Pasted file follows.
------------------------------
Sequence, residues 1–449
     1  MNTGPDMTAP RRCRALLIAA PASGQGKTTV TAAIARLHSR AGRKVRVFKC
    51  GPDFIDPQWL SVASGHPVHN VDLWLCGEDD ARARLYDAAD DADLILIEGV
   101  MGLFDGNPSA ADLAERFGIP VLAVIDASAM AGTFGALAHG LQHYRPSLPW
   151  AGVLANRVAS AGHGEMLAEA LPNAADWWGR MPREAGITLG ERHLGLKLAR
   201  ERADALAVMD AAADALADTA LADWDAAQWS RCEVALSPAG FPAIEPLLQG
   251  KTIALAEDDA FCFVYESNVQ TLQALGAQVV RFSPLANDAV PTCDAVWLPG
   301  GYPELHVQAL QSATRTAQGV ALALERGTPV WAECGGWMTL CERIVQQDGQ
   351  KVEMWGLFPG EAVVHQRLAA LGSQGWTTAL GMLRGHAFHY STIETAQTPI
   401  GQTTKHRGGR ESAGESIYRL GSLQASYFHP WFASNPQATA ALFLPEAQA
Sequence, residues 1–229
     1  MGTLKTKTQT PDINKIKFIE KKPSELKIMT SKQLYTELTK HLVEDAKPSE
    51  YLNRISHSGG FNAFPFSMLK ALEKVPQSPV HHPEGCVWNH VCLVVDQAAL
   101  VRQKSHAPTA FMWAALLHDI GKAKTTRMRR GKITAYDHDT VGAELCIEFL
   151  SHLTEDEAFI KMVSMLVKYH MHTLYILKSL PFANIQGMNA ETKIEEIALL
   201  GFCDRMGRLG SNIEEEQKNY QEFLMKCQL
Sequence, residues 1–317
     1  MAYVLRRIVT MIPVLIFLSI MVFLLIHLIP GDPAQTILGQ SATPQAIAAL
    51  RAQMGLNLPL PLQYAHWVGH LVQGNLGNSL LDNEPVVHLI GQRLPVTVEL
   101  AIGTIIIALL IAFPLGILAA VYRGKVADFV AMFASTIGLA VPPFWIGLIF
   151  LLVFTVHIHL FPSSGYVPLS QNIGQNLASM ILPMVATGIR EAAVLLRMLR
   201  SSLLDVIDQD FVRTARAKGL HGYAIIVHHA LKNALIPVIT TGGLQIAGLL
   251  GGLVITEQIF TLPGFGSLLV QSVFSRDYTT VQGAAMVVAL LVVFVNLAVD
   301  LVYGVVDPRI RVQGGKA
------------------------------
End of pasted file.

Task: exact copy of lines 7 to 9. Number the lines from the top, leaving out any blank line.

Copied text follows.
   251  KTIALAEDDA FCFVYESNVQ TLQALGAQVV RFSPLANDAV PTCDAVWLPG
   301  GYPELHVQAL QSATRTAQGV ALALERGTPV WAECGGWMTL CERIVQQDGQ
   351  KVEMWGLFPG EAVVHQRLAA LGSQGWTTAL GMLRGHAFHY STIETAQTPI